The Last Post Ceremony commemorating the service of (2281) Private Maurice Lewis Aarons, 16th Battalion, AIF, First World War.

Accession Number AWM2020.1.1.51
Collection type Film
Object type Last Post film
Physical description 16:9
Maker Australian War Memorial
Place made Australia: Australian Capital Territory, Canberra, Campbell
Date made 20 February 2020
Access Open
Conflict First World War, 1914-1918
Copyright Item copyright: © Australian War Memorial
Creative Commons License This item is licensed under CC BY-NC
Copying Provisions Copyright restrictions apply. Only personal, non-commercial, research and study use permitted. Permission of copyright holder required for any commercial use and/or reproduction.

The Last Post Ceremony is presented in the Commemorative area of the Australian War Memorial each day. The ceremony commemorates more than 102,000 Australians who have given their lives in war and other operations and whose names are recorded on the Roll of Honour. At each ceremony the story behind one of the names on the Roll of Honour is told. Hosted by Troy Clayton, the story for this day was on (2281) Private Maurice Lewis Aarons, 16th Battalion, AIF, First World War.

Film order form
Speech transcript

2281 Private Maurice Lewis Aarons, 16th Battalion, AIF
KIA 8 August 1915

Today we remember and pay tribute to Private Maurice Lewis Aarons.

Maurice Aarons, known as “Morrie”, was born in 1886 to Lewis and Letitia Aarons of Melbourne. His family were involved in Melbourne’s Jewish community, and Morrie was raised in that faith. He attended the Model School in Spring Street, Melbourne, but later went to Broome and sought his fortune in the pearling industry. Aarons was very successful, and formed a pearling company, Aarons & Co, which ran a fleet of pearling ships from Broome. He then formed a partnership with another Jewish pearler, Abraham Davis, and turned his attention inland. The two bought a station and were attempting to set up as pastoralists by 1912. That year Abraham Davis died in the shipwreck of the RMS Koombana, and it seems that Aarons continued in the endeavour on his own.

Two years later war broke out in Europe, and Aarons spent time organising his business interests before enlisting in the Australian Imperial Force in May 1915. He underwent a period of training in Australia before leaving from Fremantle for active service overseas with reinforcements to the 16th Battalion.

Private Aarons continued training for a few weeks after arriving in Egypt, but was quickly sent on to the Gallipoli peninsula, where the Anzac forces were preparing to participate in what would become known as the August Offensive.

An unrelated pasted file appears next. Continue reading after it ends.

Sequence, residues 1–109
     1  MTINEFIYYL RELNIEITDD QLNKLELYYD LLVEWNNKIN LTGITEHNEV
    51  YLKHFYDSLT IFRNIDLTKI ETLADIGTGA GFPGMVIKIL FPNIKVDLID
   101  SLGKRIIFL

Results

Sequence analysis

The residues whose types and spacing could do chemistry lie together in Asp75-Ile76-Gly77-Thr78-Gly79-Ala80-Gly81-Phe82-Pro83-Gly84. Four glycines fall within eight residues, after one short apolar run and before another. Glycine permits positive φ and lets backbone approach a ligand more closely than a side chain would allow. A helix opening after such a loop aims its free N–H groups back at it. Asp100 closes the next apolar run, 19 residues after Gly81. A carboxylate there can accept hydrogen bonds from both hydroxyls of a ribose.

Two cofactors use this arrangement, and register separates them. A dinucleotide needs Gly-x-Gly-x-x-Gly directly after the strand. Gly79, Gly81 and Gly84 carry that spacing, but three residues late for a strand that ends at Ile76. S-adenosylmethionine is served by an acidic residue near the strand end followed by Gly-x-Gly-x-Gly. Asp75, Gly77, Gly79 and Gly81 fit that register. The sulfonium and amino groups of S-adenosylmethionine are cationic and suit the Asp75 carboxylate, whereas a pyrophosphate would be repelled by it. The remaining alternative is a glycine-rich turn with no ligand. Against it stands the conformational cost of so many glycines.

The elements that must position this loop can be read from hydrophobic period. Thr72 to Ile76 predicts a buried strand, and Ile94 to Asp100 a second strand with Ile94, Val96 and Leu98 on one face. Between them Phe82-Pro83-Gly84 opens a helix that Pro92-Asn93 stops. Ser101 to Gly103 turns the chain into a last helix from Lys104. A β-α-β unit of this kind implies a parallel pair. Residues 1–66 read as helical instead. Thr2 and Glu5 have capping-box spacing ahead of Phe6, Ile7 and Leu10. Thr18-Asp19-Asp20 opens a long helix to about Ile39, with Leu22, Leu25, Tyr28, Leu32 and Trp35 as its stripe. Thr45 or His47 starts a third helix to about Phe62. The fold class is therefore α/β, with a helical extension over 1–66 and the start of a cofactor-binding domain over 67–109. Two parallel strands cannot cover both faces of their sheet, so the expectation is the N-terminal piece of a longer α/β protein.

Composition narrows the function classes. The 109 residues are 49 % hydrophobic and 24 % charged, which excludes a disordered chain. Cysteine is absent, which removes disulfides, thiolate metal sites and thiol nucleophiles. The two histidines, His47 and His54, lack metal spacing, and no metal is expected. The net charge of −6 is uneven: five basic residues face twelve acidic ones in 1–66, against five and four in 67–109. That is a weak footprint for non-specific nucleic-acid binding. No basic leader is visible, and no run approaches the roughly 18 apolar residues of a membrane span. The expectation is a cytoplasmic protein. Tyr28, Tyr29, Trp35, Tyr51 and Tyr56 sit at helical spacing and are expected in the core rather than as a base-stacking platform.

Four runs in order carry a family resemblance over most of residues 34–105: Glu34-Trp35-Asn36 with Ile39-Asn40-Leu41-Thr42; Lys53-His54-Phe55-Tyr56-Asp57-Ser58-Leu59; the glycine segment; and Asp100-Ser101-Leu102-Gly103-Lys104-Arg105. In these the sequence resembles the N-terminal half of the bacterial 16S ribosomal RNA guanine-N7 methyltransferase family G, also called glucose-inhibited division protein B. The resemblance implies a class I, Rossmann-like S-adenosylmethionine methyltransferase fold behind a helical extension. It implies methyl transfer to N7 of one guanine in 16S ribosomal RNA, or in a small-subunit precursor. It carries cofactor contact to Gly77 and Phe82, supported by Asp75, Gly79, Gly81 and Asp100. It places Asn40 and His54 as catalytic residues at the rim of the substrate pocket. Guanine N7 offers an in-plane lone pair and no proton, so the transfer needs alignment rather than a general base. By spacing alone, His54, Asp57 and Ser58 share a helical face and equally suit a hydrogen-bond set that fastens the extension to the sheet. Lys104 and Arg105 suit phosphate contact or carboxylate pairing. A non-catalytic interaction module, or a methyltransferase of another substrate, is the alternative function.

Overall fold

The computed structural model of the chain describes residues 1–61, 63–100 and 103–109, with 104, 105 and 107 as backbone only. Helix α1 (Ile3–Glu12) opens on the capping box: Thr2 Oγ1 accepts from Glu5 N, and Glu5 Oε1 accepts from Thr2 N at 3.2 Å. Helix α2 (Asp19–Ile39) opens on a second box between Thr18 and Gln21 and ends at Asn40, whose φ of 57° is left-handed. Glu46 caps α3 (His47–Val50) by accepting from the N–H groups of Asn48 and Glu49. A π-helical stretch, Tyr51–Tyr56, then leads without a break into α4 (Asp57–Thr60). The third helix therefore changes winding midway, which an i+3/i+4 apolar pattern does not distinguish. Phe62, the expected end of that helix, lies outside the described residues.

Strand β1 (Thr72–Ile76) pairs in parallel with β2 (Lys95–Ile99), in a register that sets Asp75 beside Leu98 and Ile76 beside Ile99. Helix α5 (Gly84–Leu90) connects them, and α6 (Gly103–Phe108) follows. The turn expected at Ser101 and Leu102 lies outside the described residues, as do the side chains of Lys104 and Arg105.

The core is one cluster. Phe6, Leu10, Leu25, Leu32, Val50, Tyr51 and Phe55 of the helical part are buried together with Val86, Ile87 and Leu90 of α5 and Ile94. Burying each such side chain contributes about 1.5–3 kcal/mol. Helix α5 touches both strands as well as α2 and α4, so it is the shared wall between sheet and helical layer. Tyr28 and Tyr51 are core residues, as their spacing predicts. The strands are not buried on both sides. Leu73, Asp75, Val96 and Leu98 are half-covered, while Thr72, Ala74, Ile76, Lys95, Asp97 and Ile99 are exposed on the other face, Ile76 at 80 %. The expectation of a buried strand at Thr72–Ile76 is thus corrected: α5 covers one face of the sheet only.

On the night of 6 August, two days after Private Aarons arrived on Gallipoli, his battalion left its position in Reserve Gully and made its way along the beach to the north. Over the following day the men dug into a new position, all the while taking casualties under Turkish artillery fire. In the early hours of 8 August three Australian battalions, including the 16th, attacked Turkish positions near Hill 971. One man who was there later wrote, “The men fell under furious fire. It was terrible; the men were falling like rabbits. Many were calling for mothers and sisters. They fell a good way, in many cases, from the Turkish lines.”

Aarons was originally with a man called William Otley, but Otley later left to go with General Monash. Otley later said, “Afterwards I ascertained from our two other chums that ‘Morrey’ was not to be found anywhere and the stretcher bearers could not answer to his description – so we counted him as killed.”

While his best mates assumed Morrie Aarons had been killed, the military posted him as missing and began an investigation into his fate. A rogue report that he was seen alive at Christmas 1915 seems to have delayed an official decision to post him as “killed in action”. Meanwhile, it was reported that “Aaron’s death is so persistently reported by men at the front that anxiety is felt by his Broom friends, who, on inquiry from his sisters ascertained that there is no official report of his death, but his sisters had not heard from him since 28th July.” A letter from Private Maher in December 1915 said that he had had “his head blown off”. Letters from Private Linton and others also indicated that he had been killed.

Finally, in mid-1916, nearly a year after he went missing, Private Morrie Aarons was officially determined to have been killed in action on the 8th of August 1915.
Aarons’ many friends and family members placed in memoriam notices in the newspapers to him for many years. Friends in Broome wrote in 1918:
He fought his fight,
He stood the test.
We all remember him
As one of the best.

Morrie Aaron’s body was never identified, and today he is commemorated on the Lone Pine Memorial on the heights above Anzac Cove. He was 34 years old.

His name is listed on the Roll of Honour on my right, among almost 62,000 Australians who died while serving in the First World War.

This is but one of the many stories of service and sacrifice told here at the Australian War Memorial. We now remember Private Maurice Lewis Aarons, who gave his life for us, for our freedoms, and in the hope of a better world.

Meleah Hampton
Historian, Military History Section

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